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Annenberg School of Communication and Journalism University of Southern California
Your Health

Possible Cure for "Diabesity"

New research offers hope for a long-term fix for Type 2 diabetes brought on by obesity.

New research released Monday offers evidence that weight-loss surgery can reverse and potentially cure diabetes.

The reports, released in the New England Journal of Medicine in conjunction with the American College of Cardiology Conference in Chicago cite two studies. Two studies, conducted at the Cleveland Clinic and the Catholic University in Rome, compare stomach-reducing operations to medicines alone as treatment for "diabesity," or Type 2 diabetes brought on by obesity. 

More than a third of American adults are obese and more than eight percent have diabetes. These millions of Americans who are affected by "diabesity" may greatly benefit from this new evidence. 

In both studies, surgery helped to reduce patients' blood-sugar to normal levels rather than medicinal treatment. Some patients were able to stop taking insulin as little as three days after their operations, and many were able to stop all diabetes drugs and have their disease stay in remission for at least two years.

However, those treated with solely medicine did not experience such significant results. 

Dr. John Buse of the University of North Carolina at Chapel Hill did not participate in the studies but called the new research, "a major advance." Buse said he recommends weight-loss surgery to patients who are obese and can't control their blood sugar through medications.  

The Chief of Diabetes Surgery at New York-Presbyterian Hospital, Francesco Rubino, stated that the surgery has proven to be a very appropriate and excellent treatment for diabetes.

As one of the study co-leaders, Rubino believes that the most proper name for the surgery is "diabetes surgery." Diabetics or individuals with heart disease with a body mass index of at least 30 are eligible for the gastric band surgery.

Many of the medicines that doctors have typically used for the past century to treat diabetes can cause weight gain, worsening the disease.

The results of these new studies may offer hope for a long-term fix. Gastric Bypass or "keyhole" weight-loss surgery, in which doctors reduce the stomach to a small pouch and reconnect it to the small intestine, seemed to be the most common type. Stomach banding surgery, however, only served to lower blood sugar without reversing the disease.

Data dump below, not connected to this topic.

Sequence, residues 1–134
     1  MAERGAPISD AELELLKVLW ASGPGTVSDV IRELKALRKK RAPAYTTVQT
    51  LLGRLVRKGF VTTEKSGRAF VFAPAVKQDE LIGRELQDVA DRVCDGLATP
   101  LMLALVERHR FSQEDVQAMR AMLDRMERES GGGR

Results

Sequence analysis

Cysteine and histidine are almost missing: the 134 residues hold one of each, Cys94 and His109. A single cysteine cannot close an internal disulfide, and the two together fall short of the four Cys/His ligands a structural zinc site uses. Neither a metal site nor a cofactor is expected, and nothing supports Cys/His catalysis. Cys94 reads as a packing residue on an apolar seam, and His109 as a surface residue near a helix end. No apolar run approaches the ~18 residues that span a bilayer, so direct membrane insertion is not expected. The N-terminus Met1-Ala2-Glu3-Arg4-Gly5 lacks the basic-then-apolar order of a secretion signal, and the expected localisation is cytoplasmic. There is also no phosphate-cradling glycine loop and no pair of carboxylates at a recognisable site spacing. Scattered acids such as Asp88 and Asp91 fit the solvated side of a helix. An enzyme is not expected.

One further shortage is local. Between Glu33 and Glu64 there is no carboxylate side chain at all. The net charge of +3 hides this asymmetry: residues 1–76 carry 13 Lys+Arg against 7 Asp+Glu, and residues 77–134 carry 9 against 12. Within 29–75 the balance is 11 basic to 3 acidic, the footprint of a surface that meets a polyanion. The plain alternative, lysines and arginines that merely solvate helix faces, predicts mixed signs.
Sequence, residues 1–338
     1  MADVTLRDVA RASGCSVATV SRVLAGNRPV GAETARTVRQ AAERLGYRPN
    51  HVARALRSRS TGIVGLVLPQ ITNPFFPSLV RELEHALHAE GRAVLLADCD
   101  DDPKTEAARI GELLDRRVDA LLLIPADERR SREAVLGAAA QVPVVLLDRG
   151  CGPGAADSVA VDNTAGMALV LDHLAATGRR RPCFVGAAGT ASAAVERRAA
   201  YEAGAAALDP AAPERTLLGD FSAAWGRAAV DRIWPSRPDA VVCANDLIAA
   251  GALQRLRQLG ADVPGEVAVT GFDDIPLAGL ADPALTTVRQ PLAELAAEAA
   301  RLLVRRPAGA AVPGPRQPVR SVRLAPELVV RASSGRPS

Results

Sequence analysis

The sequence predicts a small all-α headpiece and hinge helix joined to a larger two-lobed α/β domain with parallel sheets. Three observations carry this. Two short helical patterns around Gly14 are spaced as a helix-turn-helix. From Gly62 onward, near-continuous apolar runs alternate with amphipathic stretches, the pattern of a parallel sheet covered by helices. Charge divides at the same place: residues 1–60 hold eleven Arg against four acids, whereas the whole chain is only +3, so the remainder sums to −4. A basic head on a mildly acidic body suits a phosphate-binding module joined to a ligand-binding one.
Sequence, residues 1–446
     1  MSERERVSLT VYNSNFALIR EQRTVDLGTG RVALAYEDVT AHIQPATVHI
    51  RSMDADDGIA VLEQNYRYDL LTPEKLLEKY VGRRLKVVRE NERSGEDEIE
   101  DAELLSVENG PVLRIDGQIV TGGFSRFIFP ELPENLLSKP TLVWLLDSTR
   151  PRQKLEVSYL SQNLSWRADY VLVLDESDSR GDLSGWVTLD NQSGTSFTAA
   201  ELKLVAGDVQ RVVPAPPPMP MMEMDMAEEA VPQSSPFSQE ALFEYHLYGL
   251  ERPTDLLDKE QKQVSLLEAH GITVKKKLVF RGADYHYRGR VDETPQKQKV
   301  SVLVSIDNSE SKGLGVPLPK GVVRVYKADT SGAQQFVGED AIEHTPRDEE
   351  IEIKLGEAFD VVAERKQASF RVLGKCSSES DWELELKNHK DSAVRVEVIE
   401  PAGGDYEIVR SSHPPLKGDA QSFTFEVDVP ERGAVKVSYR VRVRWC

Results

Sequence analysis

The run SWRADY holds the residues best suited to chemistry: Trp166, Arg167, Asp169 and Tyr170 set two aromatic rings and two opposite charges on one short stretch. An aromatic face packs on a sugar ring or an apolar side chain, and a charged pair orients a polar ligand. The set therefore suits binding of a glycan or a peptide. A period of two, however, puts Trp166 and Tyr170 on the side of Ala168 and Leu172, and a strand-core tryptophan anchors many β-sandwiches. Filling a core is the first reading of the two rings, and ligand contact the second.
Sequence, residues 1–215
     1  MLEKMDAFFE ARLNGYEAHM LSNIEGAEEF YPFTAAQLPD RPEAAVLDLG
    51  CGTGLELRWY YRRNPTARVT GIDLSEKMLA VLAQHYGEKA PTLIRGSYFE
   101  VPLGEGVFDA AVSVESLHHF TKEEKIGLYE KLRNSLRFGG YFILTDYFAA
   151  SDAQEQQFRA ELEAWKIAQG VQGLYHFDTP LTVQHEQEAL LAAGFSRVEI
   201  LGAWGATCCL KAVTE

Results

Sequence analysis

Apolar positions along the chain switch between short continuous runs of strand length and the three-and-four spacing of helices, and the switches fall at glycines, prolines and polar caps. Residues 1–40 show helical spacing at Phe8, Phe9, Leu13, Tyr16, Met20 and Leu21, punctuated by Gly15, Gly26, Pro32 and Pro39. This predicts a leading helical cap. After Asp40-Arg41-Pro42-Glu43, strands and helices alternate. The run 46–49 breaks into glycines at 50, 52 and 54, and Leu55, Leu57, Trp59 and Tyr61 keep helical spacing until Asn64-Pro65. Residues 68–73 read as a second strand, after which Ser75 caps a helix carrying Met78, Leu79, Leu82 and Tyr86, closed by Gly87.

The Cleveland Clinic study, sponsored by an obesity surgery equipment company and conducted by Dr. Philip Schauer, involved researching 150 people given one of two types of surgery plus standard medicines or a third group given medicines alone. These individuals had A1C blood sugar levels over nine on average, while a healthy A1C measure is six or below. Individuals are considered to have diabetes at an A1C of 6.5.

One year after treatment began, just 12 percent of patients treated with medicines alone were at a healthy A1C level, versus 42 percent and 37 percent of the two groups given surgery.  Medicinal treatment alone led to higher cholesterol and higher heart risks as well. 

The Catholic University in Rome study, led by Dr. Geltrude Mingrone, involved 60 patients given one of two types of surgery or medicines alone. Two years later, 95 percent and 75 percent of the two surgery groups maintained target blood-sugar levels without diabetes drugs, while none of those treated with medicine alone did. None of the patients involved in the study died as a result of the surgery and there were few complications.  Doctors note that these health complications can result from uncontrolled diabetes as well, however. 

Some doctors believe that the surgery may positively affect the patients' insulin-producing hormones to reverse diabetes. 

Several patients like Jon Diat and Tamikka McCray offer their success stories as individuals who suffered from "diabesity" and  who now have normal blood-sugar levels as a result of their surgeries. Both have seen their diabetes disappear without the help of medication.

Director of the Vanderbilt University Diabetes Center Dr. Alvin Powers said that while "we still don't know the long-term outcomes of these surgeries and whether the benefits will last for more than a few years, the results are very encouraging for people like those in these studies."

Many doctors stress that the surgery should not be seen as a last resort, and should be considered earlier in treating obese people with diabetes.

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